Parliamentarians say they want a fire service that puts the public first
A letter from fire minister Brandon Lewis to the chair of the House of Commons Regulatory Reform Committee has revealed that the government is set to put forward proposals “that would enable fire and rescue authorities in England to contract out their full range of services to a suitable provider.”
The minister is seeking to push the changes through the little-known Regulatory Reform Committee, avoiding full Parliamentary scrutiny.
FBU general secretary Matt Wrack said: “Just privatising parts of the service has already brought near-disaster. AssetCo, which was given the contract to maintain London’s and Lincolnshire’s fleets of fire engines, failed to do so properly and, when the company collapsed, could have lost them altogether to AssetCo’s creditors.
“While profiting from our public service they were unable to meet their commitments to maintain and renew fire engines and equipment. London and Lincolnshire firefighters reported all kinds of problems.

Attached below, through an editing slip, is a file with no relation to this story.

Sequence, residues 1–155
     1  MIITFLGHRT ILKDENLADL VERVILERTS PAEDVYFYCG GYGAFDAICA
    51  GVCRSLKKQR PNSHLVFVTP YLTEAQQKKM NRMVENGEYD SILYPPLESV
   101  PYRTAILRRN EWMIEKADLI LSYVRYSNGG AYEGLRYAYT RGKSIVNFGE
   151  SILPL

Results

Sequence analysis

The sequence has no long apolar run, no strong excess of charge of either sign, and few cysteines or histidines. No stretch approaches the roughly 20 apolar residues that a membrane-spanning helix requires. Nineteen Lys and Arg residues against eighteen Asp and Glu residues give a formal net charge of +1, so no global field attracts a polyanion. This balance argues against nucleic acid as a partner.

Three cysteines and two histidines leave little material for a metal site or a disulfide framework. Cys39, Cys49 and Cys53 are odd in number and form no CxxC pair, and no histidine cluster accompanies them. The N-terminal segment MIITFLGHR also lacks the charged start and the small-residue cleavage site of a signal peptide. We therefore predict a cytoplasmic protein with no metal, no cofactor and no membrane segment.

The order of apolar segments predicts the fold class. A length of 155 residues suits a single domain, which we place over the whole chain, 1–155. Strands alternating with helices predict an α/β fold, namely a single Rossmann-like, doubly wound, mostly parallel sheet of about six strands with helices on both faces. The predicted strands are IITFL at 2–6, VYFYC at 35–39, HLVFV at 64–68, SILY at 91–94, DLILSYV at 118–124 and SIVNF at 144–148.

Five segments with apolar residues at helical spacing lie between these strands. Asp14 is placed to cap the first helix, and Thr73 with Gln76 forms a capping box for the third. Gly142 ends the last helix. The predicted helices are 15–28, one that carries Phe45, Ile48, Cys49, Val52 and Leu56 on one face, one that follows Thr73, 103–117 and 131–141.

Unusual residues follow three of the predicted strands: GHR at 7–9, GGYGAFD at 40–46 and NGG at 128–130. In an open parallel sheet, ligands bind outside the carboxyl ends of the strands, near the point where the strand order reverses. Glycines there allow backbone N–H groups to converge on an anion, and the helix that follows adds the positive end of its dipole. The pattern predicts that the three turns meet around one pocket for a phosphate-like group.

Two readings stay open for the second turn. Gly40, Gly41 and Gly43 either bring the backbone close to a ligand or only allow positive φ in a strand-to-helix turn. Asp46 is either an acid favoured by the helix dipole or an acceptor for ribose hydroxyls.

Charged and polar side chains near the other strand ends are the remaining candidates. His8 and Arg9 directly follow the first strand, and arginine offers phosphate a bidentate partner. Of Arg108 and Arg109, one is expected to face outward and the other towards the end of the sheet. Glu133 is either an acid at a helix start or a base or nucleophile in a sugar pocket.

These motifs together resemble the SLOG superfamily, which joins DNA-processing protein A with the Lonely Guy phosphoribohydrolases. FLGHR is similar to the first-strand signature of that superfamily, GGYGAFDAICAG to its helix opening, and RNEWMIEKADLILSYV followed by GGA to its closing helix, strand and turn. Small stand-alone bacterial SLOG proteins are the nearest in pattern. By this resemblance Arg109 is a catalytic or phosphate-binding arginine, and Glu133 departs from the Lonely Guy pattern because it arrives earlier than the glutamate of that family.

“These proposals are grotesque and if they come to fruition will sacrifice lives on the altar of profit. This is the same disastrous model that has been used in the health service, the rail industry and local government to slash services while providing bountiful profits for private companies.
“There is no public demand for privatising the fire and rescue service. There is no support among firefighters for these measures. The government should stop now before they do untold damage.”
Now MPs John Mann, Yasmin Qureshi and John Spellar have added their voices to the FBU campaign, saying: “We resolutely oppose the government’s plans to allow fire services to be sold off. Local people need to have confidence that fire-fighting in our area is being run for public protection, not company profit.
“Fire and rescue is an essential service which we all depend on for our safety and sometimes our lives. This letter shows the huge risks that ministers are preparing to take with this vital public service.
“Our experience with the Olympics was a forceful lesson that private firms often cost more and deliver less than promised when they bid to take over public services. We shall be making our voices heard to campaign for a fire service that puts the public first.”
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